Don’t rush a trip around St Mary’s. There’s lots to see and some fabulous views on a gentle circuit of the largest of the Isles of Scilly.
Is Scilly silly? Well, not quite but it’s pretty unorthdox for the cyclist. No-one locks up their bike, its single ‘A’ road carries practically no traffic, there are no directional signs nor lines in the middle of the road, and you’re as likely to share the road with golf buggies as much as cars. Scilly is in a world of its own and a world away from the rest of the UK. Exploring the outlying islands on boat trips and using the evenings to explore St Mary’s, the main island, by bike is an ideal way to make the most of a short break in this archipelago 28 miles south-west of Land’s End as I found out last July. The ride is also very well suited to a first cycling adventure for a family.
The route network on St Mary’s is fairly straight-forward. The single main road (think of it more as hedged country lane) forms a five-mile loop in the island’s interior. It’s connected to many of the coastal beauty spots and points of interest via minor roads and tracks that are easily negotiated on a mountain bike or hybrid. You can find out which tracks you are permitted to cycle on by referring to the map from the cycle hire shop
Start point for the ride is Hugh Town, which is actually just a village, and the island’s only substantial settlement. This is a merry little place that seems permanently stuck in the olden days – when former prime minister, Harold Wilson, was among the holidaymakers. Particularly popular with young families and retired people, St Mary’s is simply great to mooch around and you can have most places to yourself. The only exception is the harbour in the rush-hour before 10am when hoards of holidaymakers stream down to the harbour for the main boat trip departures. After sampling the delights the off islands (as the smaller islands are known) I was keen to explore St Mary’s.
I began my anti-clockwise circuit with the only serious but short climb of the ride that took me up to Garrison Hill. At the summit views from the former 16th century garrison (now the eight-pointed Star Castle Hotel) extend across to St Agnes, the UK’s most south-westerly settlement, and on a clear day all the way to the Bishop Rock lighthouse which is the most south-westerly point. “If you look closely you can see the Empire State Building 3,000 miles away,” the boatman had told us earlier. The sea is speckled with jagged rocky islets which could almost be mistaken for anchored ships. It comes as no surprise to find out that the Scillies are notorious for shipwrecking. The following day in the Isles of Scilly Museum I saw a collection of items from wrecks – varying from beads recovered from a 17th century Venetian trader to the more prosaic computer mice washed ashore following the grounding of a German container ship in 1997.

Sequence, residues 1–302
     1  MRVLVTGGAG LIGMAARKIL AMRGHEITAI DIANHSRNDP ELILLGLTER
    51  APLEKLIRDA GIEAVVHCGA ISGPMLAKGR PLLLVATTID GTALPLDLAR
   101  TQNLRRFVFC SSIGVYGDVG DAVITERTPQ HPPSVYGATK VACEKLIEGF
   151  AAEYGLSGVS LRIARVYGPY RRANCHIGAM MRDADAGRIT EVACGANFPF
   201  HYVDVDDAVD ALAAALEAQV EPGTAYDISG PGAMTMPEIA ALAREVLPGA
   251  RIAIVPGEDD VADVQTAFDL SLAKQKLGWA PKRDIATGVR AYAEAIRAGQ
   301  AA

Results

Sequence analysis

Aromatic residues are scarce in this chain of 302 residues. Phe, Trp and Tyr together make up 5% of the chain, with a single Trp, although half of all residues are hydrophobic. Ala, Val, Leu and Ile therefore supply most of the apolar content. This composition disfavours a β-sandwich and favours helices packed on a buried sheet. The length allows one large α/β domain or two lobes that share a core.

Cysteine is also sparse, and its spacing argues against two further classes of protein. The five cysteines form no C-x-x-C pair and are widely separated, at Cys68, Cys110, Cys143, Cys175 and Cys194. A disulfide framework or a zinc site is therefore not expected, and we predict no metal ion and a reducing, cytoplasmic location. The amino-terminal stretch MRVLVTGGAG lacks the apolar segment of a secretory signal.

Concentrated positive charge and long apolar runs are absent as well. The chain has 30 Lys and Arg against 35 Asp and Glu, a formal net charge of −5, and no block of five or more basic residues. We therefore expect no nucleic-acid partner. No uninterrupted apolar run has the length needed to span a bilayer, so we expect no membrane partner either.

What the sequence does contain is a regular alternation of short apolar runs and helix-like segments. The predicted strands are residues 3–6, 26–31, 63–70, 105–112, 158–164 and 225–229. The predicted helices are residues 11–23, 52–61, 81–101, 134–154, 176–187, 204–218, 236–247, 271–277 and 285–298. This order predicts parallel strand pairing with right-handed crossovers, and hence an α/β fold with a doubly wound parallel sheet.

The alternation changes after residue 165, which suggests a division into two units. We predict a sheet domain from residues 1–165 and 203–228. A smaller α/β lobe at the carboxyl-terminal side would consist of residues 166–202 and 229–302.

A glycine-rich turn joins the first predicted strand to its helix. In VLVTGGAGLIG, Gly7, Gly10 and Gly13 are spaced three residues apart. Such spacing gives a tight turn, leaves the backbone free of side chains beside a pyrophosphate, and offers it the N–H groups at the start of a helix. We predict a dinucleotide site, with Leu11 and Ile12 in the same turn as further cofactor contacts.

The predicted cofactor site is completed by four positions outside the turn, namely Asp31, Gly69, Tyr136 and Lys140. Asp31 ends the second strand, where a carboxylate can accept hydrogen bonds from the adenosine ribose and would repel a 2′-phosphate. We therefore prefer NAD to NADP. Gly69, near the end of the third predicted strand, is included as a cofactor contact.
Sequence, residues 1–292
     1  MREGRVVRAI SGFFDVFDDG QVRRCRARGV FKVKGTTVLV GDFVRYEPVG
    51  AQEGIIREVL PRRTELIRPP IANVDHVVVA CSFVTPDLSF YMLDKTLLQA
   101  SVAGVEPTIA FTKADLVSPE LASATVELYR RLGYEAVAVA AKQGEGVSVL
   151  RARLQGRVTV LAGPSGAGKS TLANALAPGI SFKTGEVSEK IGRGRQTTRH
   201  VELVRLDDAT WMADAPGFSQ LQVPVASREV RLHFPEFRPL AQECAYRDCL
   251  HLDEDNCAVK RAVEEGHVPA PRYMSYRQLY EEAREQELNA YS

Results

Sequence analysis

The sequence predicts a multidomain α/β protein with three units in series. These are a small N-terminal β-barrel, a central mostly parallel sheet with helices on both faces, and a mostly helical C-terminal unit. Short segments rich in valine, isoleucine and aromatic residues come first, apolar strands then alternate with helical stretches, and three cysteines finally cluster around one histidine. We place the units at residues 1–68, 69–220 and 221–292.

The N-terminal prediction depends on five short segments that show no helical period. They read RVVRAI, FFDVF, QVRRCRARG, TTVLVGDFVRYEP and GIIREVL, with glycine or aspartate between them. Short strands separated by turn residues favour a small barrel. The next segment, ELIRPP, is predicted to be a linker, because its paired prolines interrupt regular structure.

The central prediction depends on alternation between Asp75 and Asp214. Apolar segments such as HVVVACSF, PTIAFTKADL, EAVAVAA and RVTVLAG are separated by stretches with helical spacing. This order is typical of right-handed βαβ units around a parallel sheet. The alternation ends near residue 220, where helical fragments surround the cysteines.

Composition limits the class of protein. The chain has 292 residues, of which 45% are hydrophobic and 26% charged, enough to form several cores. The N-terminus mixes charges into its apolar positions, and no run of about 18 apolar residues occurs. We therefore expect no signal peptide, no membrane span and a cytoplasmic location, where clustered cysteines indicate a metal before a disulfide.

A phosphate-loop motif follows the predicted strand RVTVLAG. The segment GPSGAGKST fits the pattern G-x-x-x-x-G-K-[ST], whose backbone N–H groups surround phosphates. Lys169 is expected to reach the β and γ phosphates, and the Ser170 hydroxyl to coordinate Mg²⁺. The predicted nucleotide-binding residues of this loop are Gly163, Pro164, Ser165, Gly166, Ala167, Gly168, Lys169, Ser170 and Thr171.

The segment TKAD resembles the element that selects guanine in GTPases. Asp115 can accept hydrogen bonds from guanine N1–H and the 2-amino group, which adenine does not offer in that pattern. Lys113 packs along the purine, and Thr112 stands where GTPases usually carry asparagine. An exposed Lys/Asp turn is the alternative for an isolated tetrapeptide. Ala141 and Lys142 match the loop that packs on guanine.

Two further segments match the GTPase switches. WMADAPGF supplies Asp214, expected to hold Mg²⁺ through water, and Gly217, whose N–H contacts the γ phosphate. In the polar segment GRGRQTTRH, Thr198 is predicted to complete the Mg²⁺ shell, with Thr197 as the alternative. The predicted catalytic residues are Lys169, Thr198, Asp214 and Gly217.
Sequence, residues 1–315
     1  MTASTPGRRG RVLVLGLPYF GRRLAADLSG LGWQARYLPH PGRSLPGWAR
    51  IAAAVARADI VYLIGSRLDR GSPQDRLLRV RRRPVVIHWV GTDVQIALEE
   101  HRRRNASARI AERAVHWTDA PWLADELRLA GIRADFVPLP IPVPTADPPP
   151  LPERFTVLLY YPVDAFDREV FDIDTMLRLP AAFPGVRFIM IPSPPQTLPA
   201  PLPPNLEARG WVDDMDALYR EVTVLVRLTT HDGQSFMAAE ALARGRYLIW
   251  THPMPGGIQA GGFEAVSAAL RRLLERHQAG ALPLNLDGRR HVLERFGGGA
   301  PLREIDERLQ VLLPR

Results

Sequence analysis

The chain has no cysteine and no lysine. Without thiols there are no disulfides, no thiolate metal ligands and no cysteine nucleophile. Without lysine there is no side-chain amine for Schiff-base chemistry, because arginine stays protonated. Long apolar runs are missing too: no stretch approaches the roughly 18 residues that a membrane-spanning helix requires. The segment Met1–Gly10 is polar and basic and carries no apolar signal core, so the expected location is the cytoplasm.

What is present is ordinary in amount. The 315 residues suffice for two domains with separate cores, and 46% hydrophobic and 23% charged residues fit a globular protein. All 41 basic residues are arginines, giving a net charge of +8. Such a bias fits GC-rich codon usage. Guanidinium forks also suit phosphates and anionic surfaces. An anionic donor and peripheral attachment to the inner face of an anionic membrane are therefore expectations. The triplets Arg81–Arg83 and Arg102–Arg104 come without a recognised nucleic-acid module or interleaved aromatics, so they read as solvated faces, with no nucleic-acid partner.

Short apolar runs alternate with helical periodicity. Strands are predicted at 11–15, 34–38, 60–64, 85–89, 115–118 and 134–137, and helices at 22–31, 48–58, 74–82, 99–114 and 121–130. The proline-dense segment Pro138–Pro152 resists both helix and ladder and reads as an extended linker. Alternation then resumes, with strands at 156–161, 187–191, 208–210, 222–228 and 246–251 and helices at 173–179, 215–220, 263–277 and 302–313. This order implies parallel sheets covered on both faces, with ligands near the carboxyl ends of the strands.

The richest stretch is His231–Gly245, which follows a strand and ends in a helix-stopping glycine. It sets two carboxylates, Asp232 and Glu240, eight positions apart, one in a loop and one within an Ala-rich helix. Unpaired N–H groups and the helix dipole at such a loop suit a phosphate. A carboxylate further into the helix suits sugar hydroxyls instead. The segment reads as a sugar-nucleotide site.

The shipwrecking theme continued in the next two sections of the ride. I cycled along the isthmus separating Hugh Town’s two beaches and along a peninsula to Penninis lighthouse, a small metal structure on stilts, that marks the southernmost point of St Mary’s.
I swept down into and then out of Old Town Bay and then nipped out to the coast again at Porth Hellick Bay, one of the finest beaches on the island. An outcrop of rock curling into the bay looked like it belonged on the wilds of Dartmoor while the whirring rotors of helicopters flying in and out of the nearby airport gave the scene an almost sinister atmosphere. Overlooking the shore – deserted when I visited – is a memorial to the splendidly named Admiral Sir Cloudesley Shovell. His body was washed up here when his flagship, the HMS Association, was shipwrecked in 1707. Three other ships went down in the same storm with the loss of at least 1,400 lives.
A little further round the coast is a considerably older grave – a burial chamber dating back to the Bronze Age. Chambers and other antiquities dot the northern coast of the island and provide welcome places to rest, explore and admire the coastal views. From the burial chamber and adjacent Iron Age village at Halangay Down I could make out the long beach of St Martin’s, the wooded island of Tresco, a lighthouse like a candle on the pudding-shaped Round Island and the ragged outline of four peaks sticking out of the sea adding to the hazards in another mariner’s nightmare.
The coastguard’s tower and transmitter mast behind me indicated that I was at the highest point (49m) of a not very high island and a lovely, gentle freewheel was just around the corner. I wended my way through a boatyard in Porthloo and past an artist’s studio, one of many studios and galleries on the route.
The smell of seafood and garlic wafting from the Boat Shed restaurant on Porthmellon Beach was hard to resist but I had other evenings plans. I cruised into Hugh Town past a terrace of cottages that I imagine were once home to fishermen. After fish and chips on the beach, I nipped back to the harbour once again to join the crowds squinting into the sunset to watch the pilot gig racing. Gigs are traditional, 32ft-long Scillonian rowing boats and tonight’s race – which started from a rock off the deserted island of Samson – involved eight boats crewed by eight women.